Nick Boban (15:27):
So that also might have to do with the way that gin is produced, actually too, because a lot of those funkier, fuller flavor gins with a lot of other characteristics to it, those are pot stilled ones. So they're distilled first, then they're re distilled with botanicals, but you're only getting the alcohol by volume up into like the 50s or 70% and then cutting it down with water as to where another way of making gin is in a column still with what's called a gin basket, where they pack all the botanicals into the head of the still itself and the alcohol vapors condense through it, which strips all the flavor. Now that's going all the way up to like 90% or 96% ABV. So it's the same process as like vodka making. This was saying that you just get the flavor of Juniper over everything else and the flavor itself is a lot less, which is usually how they make London drys, from my understanding.
John Vieira (16:31):
Gotcha. The other interesting thing to note is, just based off the description and the details that we just looked at, it would make it seem like every London dry would essentially taste the same, but just like every other spirit category we've talked about, there's massive differences in flavor, just based on specific distillation methods, regions, things like that because technically London dry gin can be made anywhere in the world.
Nick Boban (17:00):
And with anything.
John Vieira (17:01):
Yeah. Juniper does have to be the main botanical, but a lot of times you get fresh citrus peels, coriander, things like that. And so you end up with these really unique products. And so if you are a fan of gin and you're a fan of those botanicals, it's really worth kind of looking at some of these on their own, tasting them and seeing what you like the best and maybe what would lend itself to certain drinks or applications better than maybe some other products, because there's really a lot of variants and, something like a Roku gin. That's Suntory, isn't it? Yeah. So it's a Japanese gin. I think it's kind of new on the scene. At least it is in this region, but it's been selling like wildfire at our bar and it's really tasty. We'll get into this on the next episode. We're actually going to taste some gins and talk about them, but that one in particular is not a London dry style. And so...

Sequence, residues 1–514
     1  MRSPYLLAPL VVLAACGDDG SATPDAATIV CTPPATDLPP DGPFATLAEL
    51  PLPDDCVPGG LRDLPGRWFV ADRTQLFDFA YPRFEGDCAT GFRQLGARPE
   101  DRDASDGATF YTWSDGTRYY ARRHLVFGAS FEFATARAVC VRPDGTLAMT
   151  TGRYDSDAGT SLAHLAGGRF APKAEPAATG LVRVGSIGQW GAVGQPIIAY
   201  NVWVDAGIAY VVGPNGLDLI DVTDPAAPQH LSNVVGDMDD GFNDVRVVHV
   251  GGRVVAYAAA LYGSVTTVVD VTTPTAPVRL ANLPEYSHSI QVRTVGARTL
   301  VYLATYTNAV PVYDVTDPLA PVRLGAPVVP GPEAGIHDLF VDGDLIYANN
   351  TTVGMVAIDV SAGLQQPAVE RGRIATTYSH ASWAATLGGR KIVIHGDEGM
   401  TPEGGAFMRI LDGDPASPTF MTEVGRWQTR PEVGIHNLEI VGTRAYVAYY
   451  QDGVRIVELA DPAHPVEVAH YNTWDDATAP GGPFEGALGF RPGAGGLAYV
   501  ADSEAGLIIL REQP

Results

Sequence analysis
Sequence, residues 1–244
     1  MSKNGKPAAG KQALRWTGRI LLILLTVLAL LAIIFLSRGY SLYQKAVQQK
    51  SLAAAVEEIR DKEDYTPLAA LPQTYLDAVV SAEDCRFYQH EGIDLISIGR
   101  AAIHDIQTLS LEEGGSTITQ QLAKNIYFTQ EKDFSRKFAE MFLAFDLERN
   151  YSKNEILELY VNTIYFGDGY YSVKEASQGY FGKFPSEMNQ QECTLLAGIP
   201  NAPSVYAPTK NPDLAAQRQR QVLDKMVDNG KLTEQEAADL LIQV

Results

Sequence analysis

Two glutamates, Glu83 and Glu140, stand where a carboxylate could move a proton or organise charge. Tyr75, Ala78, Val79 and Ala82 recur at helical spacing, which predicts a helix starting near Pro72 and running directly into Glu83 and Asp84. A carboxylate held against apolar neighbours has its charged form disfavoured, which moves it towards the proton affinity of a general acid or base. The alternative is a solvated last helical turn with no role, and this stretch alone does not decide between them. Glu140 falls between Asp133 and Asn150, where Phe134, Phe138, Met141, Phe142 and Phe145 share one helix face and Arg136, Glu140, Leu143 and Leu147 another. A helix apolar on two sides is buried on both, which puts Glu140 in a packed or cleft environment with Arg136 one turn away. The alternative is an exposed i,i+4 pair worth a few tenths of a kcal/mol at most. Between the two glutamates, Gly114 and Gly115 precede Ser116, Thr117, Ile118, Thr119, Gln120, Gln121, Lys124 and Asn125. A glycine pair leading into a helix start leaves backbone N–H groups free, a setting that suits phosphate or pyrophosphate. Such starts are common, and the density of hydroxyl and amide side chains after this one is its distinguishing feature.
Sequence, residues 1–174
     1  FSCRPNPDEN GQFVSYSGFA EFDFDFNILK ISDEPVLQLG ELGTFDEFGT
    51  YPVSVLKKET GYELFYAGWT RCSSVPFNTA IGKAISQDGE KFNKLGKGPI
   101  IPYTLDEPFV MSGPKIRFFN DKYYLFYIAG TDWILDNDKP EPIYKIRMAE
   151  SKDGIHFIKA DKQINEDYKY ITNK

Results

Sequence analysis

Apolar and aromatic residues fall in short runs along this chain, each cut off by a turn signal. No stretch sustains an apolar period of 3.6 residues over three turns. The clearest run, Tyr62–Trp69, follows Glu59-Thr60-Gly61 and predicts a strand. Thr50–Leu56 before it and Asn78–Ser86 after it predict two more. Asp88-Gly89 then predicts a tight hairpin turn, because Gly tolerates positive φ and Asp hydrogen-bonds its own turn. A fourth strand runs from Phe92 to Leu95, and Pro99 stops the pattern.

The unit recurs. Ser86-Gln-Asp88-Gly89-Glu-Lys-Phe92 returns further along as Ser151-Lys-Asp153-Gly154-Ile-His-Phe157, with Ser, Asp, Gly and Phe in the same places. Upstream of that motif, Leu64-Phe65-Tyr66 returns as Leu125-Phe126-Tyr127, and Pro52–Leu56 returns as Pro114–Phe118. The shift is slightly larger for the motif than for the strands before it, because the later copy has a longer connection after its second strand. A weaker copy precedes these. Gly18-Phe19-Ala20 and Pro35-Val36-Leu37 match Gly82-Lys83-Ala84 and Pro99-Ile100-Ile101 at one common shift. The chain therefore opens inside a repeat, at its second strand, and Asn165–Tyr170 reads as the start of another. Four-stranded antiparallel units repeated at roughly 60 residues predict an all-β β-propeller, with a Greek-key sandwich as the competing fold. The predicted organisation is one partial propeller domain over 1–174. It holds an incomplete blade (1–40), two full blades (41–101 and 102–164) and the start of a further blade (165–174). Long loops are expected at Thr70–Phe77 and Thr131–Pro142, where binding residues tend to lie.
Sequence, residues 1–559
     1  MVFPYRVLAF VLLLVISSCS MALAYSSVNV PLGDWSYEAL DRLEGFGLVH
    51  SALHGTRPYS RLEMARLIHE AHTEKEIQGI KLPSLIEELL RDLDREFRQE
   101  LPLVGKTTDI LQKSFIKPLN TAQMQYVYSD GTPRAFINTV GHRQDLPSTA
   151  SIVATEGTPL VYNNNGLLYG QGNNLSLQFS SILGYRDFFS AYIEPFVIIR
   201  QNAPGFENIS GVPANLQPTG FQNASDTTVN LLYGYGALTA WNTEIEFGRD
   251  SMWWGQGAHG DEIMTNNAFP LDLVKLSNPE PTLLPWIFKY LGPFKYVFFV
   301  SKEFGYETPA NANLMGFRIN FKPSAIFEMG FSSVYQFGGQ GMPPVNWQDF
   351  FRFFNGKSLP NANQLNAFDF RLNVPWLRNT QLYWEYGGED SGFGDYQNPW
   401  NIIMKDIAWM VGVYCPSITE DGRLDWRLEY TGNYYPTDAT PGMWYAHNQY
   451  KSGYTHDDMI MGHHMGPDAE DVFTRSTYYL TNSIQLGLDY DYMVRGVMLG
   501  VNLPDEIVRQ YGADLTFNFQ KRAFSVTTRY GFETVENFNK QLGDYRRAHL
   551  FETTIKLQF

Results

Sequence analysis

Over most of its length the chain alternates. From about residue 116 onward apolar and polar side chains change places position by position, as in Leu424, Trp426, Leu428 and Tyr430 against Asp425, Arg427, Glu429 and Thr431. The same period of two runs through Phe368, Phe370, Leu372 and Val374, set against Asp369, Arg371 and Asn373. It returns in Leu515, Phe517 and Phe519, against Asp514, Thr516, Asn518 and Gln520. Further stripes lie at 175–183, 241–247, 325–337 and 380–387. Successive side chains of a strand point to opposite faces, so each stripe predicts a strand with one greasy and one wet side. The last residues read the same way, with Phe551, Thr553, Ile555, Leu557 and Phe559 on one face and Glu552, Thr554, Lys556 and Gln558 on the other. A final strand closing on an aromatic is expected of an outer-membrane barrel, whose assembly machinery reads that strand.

Nick Boban (18:00):
And so what's that next style?
John Vieira (18:03):
The next step is now referred to as international style to be, I guess PC.
Nick Boban (18:08):
Yeah. When I first learned about it, it was called new American style.
John Vieira (18:11):
Right. And that is actually a lot of gins that you may not...
Nick Boban (18:17):
It's everything that's not London dry. There's almost no Genevers and no old Toms on the market, so you're essentially looking at new international or London dry when you go to the store.
John Vieira (18:28):
Right. So even what? Things like some really big names, like Hendrick's is considered an international style.
Nick Boban (18:35):
Yep. They're all about the cucumber.
John Vieira (18:36):
Yeah. They got a big cucumber push. Man, there's a whole bunch of them. I can't even remember what they all are now, but essentially if your bottle doesn't say London dry on it, it's basically a international style.
Nick Boban (18:48):
Yeah. And those are everywhere. They still have Juniper forward, but they're like lavender, cucumber, citrus. They have a different, like big botanical push.
John Vieira (18:59):
Exactly. And that's where that Roku one falls into, which is why it's so tasty. Roku means six in Japanese, I believe. And so the bottle's really cool. It's actually, um, it's got six different panels and the bottle is molded with the botanicals on each panel. Six primary botanicals that it's made from. And, you know, when you taste something like that versus any other gin, it's different. And so it's very noticeable how different it is. So with that, the other category that we're not really going to dive into too much, but there is a fifth category. It's called Plymouth style and it's kind of strange that it has its own category since it's only one distillery that produces it.
Nick Boban (19:48):
That was a good marketing push on their part.
John Vieira (19:50):
But it's one of the oldest distilleries in the UK so it's notable. The British Royal Navy loved this product so much that they actually requested the higher proof version of it as well.
Nick Boban (20:04):
Oh, is that what they call it Navy strength?
John Vieira (20:07):
And it is really good gin. It's a completely different experience than like your typical London dry, but I will tell you if you're a fan of Negroni's, one of my absolute favorite Negroni's is Plymouth gin, Carpano Antica sweet vermouth and Campari, and it's like, it's other worldly. It's so good.